The red berries of the Possumhaw (Ilex decidua) peak out from the remaining leaves, but soon those leaves will drop and the berries will adorn the bare branches alone.

It has been a good year for berries on the Dwarf Chinese Holly (Ilex cornuta 'Rotunda') which has received additional sun due to a fallen tree.

Be sure to check out May Dream Gardens to see what is blooming around everyone's gardens.

Sunday, December 5, 2010

Pop Goes The Greenhouse

As winter finally approaches here in central Texas, I typically move a few select potted plants into the house and the majority into the garage.  But this means my vehicle no longer fits in there and must sit outside - which makes me grumpy on the morning drive.  So this year I decided to build some type of structure to house the larger potted plants that need protection from freezes and thus free up my garage for the vehicle.

Ideas were pondered, plans were made, and a trip to the lumber store ensued.  And...holy moley!...wood is expensive.  This was to be a temporarily-used structure primarily to trap heat, but my plans were gonna cost at least $80.

I had given up on getting a pop-up plastic greenhouse cuz I thought it was too expensive.  But, after lumber sticker-shock sent me researching the price again, I discovered I could get one slighter larger than my construction plans on sale for about $25 more - and I'd be able to collapse it down and store it when it was not needed.

Thus I recently became the owner of the Flowerhouse Planthouse 5.  The collapsed structure & components fit inside a 3-foot circular tote for storage.

The carrying case contains the plastic pop-up greenhouse, poles, stakes and twine - everything needed to put it up (except a hammer for pounding stakes into the ground).

The greenhouse unfolds easily and springs into shape with minimum effort.

At this point, the structure doesn't really stand up by itself, but it at least gives the idea of its future size and shape.  (Sidenote: at this stage, be careful moving around inside, pushing on the walls in an attempt to get it to stand; it is possible to get one's feet tangled with the lower portion and promptly tilt it and oneself  over onto the ground...not that such an me).

The poles which hold the structure's shape are much like camping tent poles.  Each pole is segmented into three parts which contain an elastic cord that binds it together and allows for sections to be pulled apart for storage or snapped together when building.

The shorter, top pole was the most difficult to insert.  The pole must be flexed to get each end to fit onto its respective small pocket.  But, as it is the shortest pole, bending it is a little tricky.  Velcro fasteners are then used to further secure it.

In the same manner, two poles are placed on each side in a crossed form to lend support.  Because of their greater length, bending these to get them to fit is not a problem.

At this point, the structure has its final shape.  Each end has zippered plastic & screen doors so that you can open either or both for ventilation/entry.  There is no floor to the structure.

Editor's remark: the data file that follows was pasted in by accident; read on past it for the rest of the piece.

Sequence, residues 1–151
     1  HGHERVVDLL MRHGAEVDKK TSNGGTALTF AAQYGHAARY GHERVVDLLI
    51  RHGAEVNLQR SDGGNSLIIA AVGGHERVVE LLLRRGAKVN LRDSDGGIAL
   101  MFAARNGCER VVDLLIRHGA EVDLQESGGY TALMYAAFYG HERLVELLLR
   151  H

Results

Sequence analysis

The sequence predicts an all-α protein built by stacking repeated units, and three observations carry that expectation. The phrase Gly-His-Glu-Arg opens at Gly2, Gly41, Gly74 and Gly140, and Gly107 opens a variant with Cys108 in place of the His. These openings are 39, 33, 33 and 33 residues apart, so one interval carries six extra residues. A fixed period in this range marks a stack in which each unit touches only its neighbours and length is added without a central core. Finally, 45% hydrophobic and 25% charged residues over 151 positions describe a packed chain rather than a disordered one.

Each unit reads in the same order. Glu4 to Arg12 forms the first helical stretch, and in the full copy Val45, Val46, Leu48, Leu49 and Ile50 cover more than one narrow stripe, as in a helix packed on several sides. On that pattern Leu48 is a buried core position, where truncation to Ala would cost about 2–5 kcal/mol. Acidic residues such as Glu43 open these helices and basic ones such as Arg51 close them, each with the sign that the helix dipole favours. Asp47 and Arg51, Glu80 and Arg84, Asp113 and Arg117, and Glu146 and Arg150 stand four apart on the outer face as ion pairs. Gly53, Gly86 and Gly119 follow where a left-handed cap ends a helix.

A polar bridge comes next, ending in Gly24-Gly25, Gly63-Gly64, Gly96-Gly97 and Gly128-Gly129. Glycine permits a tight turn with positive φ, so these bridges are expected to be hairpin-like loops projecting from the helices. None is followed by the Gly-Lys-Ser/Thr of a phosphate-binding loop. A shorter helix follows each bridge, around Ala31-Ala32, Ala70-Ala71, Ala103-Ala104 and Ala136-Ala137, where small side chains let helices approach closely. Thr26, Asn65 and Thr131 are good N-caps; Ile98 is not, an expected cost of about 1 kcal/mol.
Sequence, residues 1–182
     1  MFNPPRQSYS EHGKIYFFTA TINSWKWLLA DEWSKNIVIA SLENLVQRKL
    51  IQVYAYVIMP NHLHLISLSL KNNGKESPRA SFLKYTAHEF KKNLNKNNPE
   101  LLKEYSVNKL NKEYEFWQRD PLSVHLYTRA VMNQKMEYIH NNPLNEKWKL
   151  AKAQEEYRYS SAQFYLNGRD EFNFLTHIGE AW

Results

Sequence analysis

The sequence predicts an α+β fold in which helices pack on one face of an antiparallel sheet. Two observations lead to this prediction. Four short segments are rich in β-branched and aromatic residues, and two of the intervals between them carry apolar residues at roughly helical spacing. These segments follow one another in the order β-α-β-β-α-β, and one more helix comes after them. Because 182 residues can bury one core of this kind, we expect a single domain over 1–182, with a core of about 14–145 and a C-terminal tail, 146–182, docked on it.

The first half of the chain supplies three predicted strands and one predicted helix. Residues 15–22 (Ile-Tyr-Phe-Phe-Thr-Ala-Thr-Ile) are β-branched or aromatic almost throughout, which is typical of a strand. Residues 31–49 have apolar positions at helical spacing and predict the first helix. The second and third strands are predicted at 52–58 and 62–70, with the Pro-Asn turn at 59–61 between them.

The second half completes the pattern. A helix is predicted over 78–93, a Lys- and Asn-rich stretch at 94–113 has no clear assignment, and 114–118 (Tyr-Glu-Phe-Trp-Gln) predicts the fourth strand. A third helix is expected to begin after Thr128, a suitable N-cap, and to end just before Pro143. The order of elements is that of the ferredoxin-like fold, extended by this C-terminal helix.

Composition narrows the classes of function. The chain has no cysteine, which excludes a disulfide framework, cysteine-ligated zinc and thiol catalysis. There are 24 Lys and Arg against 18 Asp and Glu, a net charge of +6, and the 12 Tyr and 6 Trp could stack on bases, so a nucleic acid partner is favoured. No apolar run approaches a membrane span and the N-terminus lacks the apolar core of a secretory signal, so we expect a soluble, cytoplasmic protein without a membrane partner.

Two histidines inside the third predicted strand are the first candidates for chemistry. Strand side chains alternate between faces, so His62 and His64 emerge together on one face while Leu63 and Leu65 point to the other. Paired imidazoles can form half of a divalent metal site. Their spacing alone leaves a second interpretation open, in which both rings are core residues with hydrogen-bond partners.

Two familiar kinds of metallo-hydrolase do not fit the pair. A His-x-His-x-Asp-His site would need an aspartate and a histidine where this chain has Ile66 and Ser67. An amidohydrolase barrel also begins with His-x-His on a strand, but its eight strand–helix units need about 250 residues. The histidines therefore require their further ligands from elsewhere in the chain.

A shade cloth is also provided and can be attached using Velcro strips.  As I will likely have more warm days than cold days, I decided to use the shade cloth (though this is my sunniest garden area, the greenhouse will not be receiving too much direct sun).

Stakes are provided, but their 12 inch length seem a little extreme.  Ain't gonna happen in my rocky environment; one is lucky to achieve even six inches of soil penetration before encountering limestone.

So I had to cut the stakes down to a more reasonable six inches.  But when used, some of these still had to be hammered in at an angle as they ran into either limestone or large roots.

 The plastic and screen doors each have Velcro straps so that the doors can be rolled open and secured.

Per recommendation, I also purchased a ceramic heater to go inside for those cold nights.  On sunny days, the greenhouse will be plenty warm, but at night, its temperature will drop to match that of the outside air - so additional warmth will be required (just got to make sure nothing is in a position to start a fire).

Last step was to start filling it with plants.  As most of these plants are large, they fill the 5x5-foot floor space rather quickly.  I hope to create some type of support bar so that I can also put a couple of hanging pots inside (need to take advantage of that unused vertical space!).  I also suspect that there will be some leaf burn on the plants that are near or touching the sides.  But in the past, when the plants were stored in the garage, they usually had some damage (likely due to not enough light) - so I figure that will be alright.

Will be interesting to see how this works.  And whether I'm ever able to get it back inside its tote bag next spring (things that spring out from small containers never do seem to fit back inside).